I focused on backups a lot this year and got everything backed up to Wasabi S3, then wrote a blog post about their strange billing.

2021 : Year in review

This has been a good year for the Homelab, but sadly towards the end of the year, we've sold it all off :(

I was able to get Kubernetes running on my lab! Was quite painful to get this working, but dude, this is cool!

I've been bugging some devs who are making a terraform provider for XOA, so I can define my lab as code! I think maybe next would be moving my lab to Openstack? (spoiler, this never happened)

I moved out of my parents place to Cambridge, UK.

I was able to migrate the crucial services such as passbolt and bookstack off the physical servers to the cloud.

I migrated my email server to Office 365 after getting annoyed with Attachments not working properly.

The server rack before tearing it all down
The 3 servers stacked 
The servers in the back of my car going to my friend who purchased them from me

If you're wondering what happened to the rack?

Someone from Scotland has purchased it to use in their workshop to build POC off-grid power.

I've not included many photos to respect the privacy of the Purchaser, as well as confidential details on the build. But just know it's cool!

This rack has been kicking around since 2003 I think... Not 100% sure, but it's definitely served me and all those before and after me well.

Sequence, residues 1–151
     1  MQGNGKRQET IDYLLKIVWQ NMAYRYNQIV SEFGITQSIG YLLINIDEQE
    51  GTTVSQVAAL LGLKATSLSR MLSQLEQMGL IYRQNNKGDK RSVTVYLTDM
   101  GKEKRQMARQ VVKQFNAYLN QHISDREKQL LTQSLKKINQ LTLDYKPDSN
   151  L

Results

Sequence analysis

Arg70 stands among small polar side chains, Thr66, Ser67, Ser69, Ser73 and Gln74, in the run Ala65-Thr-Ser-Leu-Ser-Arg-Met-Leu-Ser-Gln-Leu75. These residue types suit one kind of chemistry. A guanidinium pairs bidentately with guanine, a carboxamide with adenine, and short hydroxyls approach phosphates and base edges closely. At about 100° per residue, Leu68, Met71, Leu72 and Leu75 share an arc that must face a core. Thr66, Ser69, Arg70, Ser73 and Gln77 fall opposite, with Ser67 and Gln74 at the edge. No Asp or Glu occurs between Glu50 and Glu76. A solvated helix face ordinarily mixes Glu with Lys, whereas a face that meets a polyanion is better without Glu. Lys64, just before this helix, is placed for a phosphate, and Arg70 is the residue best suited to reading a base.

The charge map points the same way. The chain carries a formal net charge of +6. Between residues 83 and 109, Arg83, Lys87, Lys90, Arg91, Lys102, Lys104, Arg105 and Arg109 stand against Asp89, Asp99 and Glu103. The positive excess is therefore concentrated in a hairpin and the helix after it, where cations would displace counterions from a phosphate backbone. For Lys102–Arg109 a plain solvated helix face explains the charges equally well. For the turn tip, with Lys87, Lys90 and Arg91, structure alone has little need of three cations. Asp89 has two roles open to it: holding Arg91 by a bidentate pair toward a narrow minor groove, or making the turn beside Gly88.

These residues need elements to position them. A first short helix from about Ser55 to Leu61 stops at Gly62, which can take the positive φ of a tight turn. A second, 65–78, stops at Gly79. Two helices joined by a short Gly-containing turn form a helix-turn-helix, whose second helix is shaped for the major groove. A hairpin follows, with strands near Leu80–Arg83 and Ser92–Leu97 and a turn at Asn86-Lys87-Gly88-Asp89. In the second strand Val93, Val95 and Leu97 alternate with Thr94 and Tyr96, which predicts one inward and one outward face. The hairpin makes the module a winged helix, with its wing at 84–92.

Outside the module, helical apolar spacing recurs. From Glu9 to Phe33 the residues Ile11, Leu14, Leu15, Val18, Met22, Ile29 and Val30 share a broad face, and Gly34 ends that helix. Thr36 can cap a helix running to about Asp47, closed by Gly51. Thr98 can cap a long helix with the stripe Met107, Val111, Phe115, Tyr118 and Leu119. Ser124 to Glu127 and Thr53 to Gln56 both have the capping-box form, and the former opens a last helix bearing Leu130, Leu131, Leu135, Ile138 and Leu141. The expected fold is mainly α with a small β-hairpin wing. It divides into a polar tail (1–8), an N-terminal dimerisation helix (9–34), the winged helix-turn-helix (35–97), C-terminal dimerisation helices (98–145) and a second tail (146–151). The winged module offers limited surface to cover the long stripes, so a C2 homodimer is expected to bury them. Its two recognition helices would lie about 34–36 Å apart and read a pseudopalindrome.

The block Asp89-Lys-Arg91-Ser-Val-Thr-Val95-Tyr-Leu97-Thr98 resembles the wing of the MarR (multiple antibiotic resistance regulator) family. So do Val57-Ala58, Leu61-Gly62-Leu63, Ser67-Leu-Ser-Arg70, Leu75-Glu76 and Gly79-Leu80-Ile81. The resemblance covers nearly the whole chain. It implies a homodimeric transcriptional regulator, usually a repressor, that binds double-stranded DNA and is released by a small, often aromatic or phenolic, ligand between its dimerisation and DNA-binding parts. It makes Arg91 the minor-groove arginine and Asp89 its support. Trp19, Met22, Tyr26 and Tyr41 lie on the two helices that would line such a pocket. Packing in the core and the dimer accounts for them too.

Live on breadRACK!

Is this the end for breadNET? - No

breadNET will continue to produce badly written blogs and produce shabby documentation on Bookstack as well as some sketchy python scripts.

As time and my career progresses, I will start writing more about Google cloud and Amazon Web services, as well as a lot more x as code projects!

I plan on rebuilding a lot of services I run to be more cloud native, as well as docker based and finally get rid of the Snowflake server that runs this site. There are so many customisations on it, that I'm not even sure if it will survive a reboot :|

I am starting to look at getting my own place soon, which means I am responsible for the power bills, which means metrics I can monitor and graph - HAAS.IO will probably be featured here a fair bit!

Until December, 2022... Thanks for reading!